By Dale

In the fall of 1958, almost 60 years ago, Esther Dunham invited a few women to her home for tea, and that was the beginning of International Neighbors.  Esther had a friend, Kathleen Mead, who worked at the International Center, and they knew some women from other countries whose husbands were studying at the University of Michigan.  Kathleen Mead worked at UM registration and would call out, “Are you married? Is your wife here with you?”  It was amusing, but it was the original method of getting women signed up for International Neighbors.  However, International Neighbors has always been an independent organization, not part of the University.

Women enjoyed getting together with the children for garden tours, picnics and drives to see the colorful Fall leaves.  More women heard about the gatherings and joined the outings.  By November, there were Neighborhood Tea Groups all over town.  Some Tea Groups were named after the streets where they met:  Red Oak, Sumac, or after neighborhoods like Ann Arbor Hills.   Win Pierce had been the wife of a foreign student when her husband studied in France for a year and remembered how isolated she felt.  She decided to put her energies into helping the women learn English.  She focused on Beginners, but other Conversation Groups started meeting weekly so that the women could learn and practice English.  Leaders created curriculum guides and planned lessons….  and friendships grew.  That was 1959, and in 1960, the Articles of Association were drawn up and officers were elected.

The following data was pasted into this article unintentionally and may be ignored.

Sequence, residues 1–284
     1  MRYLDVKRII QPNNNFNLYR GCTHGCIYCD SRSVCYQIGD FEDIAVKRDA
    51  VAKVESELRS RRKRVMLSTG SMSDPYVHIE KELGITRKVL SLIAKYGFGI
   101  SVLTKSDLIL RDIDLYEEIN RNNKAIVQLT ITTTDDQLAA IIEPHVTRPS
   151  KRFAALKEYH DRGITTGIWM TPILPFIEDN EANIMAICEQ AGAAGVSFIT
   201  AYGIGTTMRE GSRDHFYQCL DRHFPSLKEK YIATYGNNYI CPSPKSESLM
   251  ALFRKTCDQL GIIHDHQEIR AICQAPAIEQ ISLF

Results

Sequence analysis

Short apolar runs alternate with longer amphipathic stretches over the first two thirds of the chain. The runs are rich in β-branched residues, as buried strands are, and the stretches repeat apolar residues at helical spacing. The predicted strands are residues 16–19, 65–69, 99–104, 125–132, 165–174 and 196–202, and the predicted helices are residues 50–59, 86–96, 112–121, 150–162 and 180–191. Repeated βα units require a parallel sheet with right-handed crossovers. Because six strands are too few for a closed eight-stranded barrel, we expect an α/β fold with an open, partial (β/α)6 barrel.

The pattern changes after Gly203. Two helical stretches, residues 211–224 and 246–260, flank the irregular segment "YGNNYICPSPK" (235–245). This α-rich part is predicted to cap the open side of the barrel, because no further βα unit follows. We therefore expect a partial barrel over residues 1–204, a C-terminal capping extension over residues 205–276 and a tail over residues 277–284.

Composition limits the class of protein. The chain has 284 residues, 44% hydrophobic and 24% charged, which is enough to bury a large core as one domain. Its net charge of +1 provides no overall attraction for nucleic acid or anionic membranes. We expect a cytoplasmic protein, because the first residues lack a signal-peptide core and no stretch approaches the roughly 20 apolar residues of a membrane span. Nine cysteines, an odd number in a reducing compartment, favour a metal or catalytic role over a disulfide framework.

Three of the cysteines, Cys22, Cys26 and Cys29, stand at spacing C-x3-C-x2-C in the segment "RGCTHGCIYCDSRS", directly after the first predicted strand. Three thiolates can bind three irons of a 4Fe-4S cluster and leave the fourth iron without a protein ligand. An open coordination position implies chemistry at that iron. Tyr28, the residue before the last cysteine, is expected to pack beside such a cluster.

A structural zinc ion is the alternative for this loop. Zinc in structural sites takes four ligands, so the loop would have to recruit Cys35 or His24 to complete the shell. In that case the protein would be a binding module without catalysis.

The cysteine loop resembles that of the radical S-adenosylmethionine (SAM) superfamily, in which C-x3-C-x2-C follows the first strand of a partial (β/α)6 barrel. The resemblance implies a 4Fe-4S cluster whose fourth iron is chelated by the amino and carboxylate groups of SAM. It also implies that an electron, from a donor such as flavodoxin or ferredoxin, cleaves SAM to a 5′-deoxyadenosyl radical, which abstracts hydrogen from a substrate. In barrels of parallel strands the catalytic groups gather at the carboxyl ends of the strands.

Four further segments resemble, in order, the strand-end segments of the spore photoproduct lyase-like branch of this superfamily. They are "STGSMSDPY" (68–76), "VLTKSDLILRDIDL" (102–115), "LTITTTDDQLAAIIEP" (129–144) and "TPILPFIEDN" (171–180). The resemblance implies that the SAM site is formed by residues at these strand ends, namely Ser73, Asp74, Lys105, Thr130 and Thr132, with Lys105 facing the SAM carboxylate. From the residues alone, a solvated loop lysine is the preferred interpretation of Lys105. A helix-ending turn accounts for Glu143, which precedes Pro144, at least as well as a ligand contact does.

Also around that time, some women got access to Pound House on Hill Street.  Realizing that many foreign families were unprepared for the cold winters and that some families did not have adequate household supplies, the women collected coats, boots, pots and pans, and baby items.  The foreign women could come and borrow what they needed.  It was called The Exchange.  It was very helpful for new arrivals and especially for short-term visitors who would only be here for 6 months or a year.